Fix it Felix wife: While Felix takes it (relatively) easy this time, Ralph and Vanellope go to the internet in an attempt to defend Vanellope’s home, Sugar Rush, from impending destruction. Ralph inadvertently triggers a cascade of events that threatens to bring the web to a grinding halt. Wreck-It Ralph has always been heavy on the references—the original included a slew of prominent video game characters such as Pac-Man and Zangief. Ralph Breaks The Internet takes things up a notch by removing the guard rails.
In our review, we lauded the film’s willingness to poke fun at the Disney canon in surprising ways—even when those moments clashed with the film’s digital background. Consider Vanellope’s collaboration with a slew of Disney Princesses, which we previously covered. “Vanellope embarks on an unexpectedly self-deprecating journey through Disney history. It’s an absolutely well-executed, humorous scenario, overflowing with outstanding touches, such as the reappearance of almost all the original voice actresses. While it is somewhat manufactured, it is also acceptable to just appreciate Disney’s self-awareness. It is irrelevant whether Cinderella would actually crush her glass slipper into a shank and brandish it at a little child.”
However, when Vanellope befriends her ancestors and Ralph destroys the internet, Fix-it Felix and Calhoun are trapped in Litwack’s arcade, where they raise a tiny army of endearing but irritating kart-racing characters. Calhoun was once engaged to Dr. Brad Scott (a Hero’s Duty scientist). The two seemed to be entirely happy and in love with one another, to the point that he gave her the pet moniker “Dynamite Gal.”
On the other hand, Calhoun neglected to do a perimeter check on their wedding day, and a giant Cy-Bug flew into the church through the window. Before anybody can intervene, her fiancé is devoured and murdered by the Cy-Bug, prompting Calhoun to pull out multiple rifles and begin shooting. Calhoun has been scarred by the events and has developed a reputation for being a vindictive lady, but her attitude quickly transforms when she falls in love with Felix.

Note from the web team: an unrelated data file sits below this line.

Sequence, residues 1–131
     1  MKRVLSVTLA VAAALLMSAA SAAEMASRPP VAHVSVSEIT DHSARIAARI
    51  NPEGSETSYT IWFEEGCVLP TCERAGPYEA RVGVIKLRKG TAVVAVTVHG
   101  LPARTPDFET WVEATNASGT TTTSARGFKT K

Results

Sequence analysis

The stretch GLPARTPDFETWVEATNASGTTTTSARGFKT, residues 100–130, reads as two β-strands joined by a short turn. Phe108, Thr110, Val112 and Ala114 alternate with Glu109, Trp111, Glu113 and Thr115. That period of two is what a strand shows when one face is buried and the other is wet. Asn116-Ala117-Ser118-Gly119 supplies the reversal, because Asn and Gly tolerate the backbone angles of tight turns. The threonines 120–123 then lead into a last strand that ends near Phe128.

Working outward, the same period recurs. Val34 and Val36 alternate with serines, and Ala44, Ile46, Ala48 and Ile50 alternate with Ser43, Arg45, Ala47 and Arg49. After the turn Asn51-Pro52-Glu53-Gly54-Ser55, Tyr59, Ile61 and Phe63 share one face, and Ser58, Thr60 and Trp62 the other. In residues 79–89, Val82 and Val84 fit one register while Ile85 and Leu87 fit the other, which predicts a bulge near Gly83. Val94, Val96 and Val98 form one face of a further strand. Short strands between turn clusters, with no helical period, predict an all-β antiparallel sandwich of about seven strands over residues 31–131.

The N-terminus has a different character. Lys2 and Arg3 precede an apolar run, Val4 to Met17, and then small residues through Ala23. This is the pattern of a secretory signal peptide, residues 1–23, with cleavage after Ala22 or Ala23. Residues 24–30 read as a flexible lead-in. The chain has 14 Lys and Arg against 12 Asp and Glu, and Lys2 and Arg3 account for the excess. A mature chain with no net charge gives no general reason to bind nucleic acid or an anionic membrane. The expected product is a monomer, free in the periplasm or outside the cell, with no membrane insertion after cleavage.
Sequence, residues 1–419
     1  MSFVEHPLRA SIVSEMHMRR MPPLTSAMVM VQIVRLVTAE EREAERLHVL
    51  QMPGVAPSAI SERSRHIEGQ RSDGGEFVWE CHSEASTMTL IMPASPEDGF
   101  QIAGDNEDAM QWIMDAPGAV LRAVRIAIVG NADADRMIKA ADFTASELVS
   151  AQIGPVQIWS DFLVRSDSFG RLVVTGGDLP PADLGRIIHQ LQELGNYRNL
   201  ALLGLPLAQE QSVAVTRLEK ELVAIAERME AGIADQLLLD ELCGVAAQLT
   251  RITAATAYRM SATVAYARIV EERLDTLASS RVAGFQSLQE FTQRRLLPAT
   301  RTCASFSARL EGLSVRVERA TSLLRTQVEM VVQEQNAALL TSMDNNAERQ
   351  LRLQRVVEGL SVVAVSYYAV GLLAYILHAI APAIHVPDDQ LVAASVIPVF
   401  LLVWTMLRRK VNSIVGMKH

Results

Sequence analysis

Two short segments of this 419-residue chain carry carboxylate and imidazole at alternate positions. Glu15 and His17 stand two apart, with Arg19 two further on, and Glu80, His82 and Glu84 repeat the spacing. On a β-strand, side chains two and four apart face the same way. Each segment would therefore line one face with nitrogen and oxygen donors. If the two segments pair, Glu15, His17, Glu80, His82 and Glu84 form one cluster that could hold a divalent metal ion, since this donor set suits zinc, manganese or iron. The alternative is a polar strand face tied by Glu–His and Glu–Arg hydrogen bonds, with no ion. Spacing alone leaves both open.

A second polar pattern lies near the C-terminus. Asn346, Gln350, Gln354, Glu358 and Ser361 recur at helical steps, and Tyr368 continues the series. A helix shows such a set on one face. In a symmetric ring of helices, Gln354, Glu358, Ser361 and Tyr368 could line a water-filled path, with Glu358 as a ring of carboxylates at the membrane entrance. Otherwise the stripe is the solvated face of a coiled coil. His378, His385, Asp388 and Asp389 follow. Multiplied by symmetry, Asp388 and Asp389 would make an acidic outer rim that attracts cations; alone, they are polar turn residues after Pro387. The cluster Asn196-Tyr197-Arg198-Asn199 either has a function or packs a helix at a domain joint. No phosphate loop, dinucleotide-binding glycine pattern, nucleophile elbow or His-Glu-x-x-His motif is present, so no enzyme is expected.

They do push you to do it as planned a few times, but then they let you free. And it’s enjoyable since Jane Lynch comes from a similar background; she spent years doing stand-up comedy. And, ironically, I was in Talladega Nights with Jane Lynch and John C. Reilly in 2005. That was another instance of improv being encouraged.
And she’s plain amusing. Thus, even when you’re just reading the words, you’re trying not to laugh, lest you ruin a take, but then when you’re free to improvise, it’s so ridiculous—particularly given how different these personas are. To be able to play with this tiny little munchkin and this glamazon.
Sergeant Calhoun was initially intended to be a guy, but the producers believed that making her a woman would add to her intrigue.
Her design is reminiscent of fierce female troops from Alien and Metroid, such as Ellen Ripley and Samus Aran.
Calhoun’s character has several parallels to Samus Aran from the Metroid video games. When Samus is not wearing her Power Suit, she has a striking resemblance to Calhoun. With their capacity to absorb the qualities of everything they devour, the Cy-bugs are similarly comparable to Metroids. They are not deliberately malevolent but are very effective bioweapons.
Additionally, her history is a gender-swapped satire of the “women in refrigerator” cliche prevalent in many video games.
Calhoun’s name is not given until the film’s conclusion and is previously referred to solely as “she” or “ma’am.” Tamora is only provided her first name in the official character bio on the official website in the prequel comic Hero’s Duty.
Her attire and demeanor are reminiscent of Commander Shepard’s female counterpart (Mass Effect).
Tamora’s surname, Calhoun, might be a reference to one of the Half-Life video game series’ characters, Barney Calhoun, a security officer in Half-Life: Blue Shift and a member of the Resistance in Half-Life 2 (and subsequent Episodes).